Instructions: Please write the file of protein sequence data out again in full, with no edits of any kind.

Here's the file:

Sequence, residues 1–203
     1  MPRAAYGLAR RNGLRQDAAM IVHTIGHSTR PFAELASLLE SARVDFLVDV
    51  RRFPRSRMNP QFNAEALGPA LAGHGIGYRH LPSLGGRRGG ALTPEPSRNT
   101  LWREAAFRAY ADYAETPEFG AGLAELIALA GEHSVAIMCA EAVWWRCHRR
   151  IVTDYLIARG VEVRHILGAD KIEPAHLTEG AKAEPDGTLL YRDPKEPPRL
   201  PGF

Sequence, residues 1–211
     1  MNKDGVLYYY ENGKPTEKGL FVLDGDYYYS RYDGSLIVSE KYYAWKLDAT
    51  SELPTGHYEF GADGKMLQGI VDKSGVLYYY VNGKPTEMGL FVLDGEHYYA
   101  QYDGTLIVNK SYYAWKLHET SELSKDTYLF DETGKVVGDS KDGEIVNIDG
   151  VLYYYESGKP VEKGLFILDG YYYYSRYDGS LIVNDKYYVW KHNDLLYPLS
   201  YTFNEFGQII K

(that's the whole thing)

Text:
Sequence, residues 1–203
     1  MPRAAYGLAR RNGLRQDAAM IVHTIGHSTR PFAELASLLE SARVDFLVDV
    51  RRFPRSRMNP QFNAEALGPA LAGHGIGYRH LPSLGGRRGG ALTPEPSRNT
   101  LWREAAFRAY ADYAETPEFG AGLAELIALA GEHSVAIMCA EAVWWRCHRR
   151  IVTDYLIARG VEVRHILGAD KIEPAHLTEG AKAEPDGTLL YRDPKEPPRL
   201  PGF

Sequence, residues 1–211
     1  MNKDGVLYYY ENGKPTEKGL FVLDGDYYYS RYDGSLIVSE KYYAWKLDAT
    51  SELPTGHYEF GADGKMLQGI VDKSGVLYYY VNGKPTEMGL FVLDGEHYYA
   101  QYDGTLIVNK SYYAWKLHET SELSKDTYLF DETGKVVGDS KDGEIVNIDG
   151  VLYYYESGKP VEKGLFILDG YYYYSRYDGS LIVNDKYYVW KHNDLLYPLS
   201  YTFNEFGQII K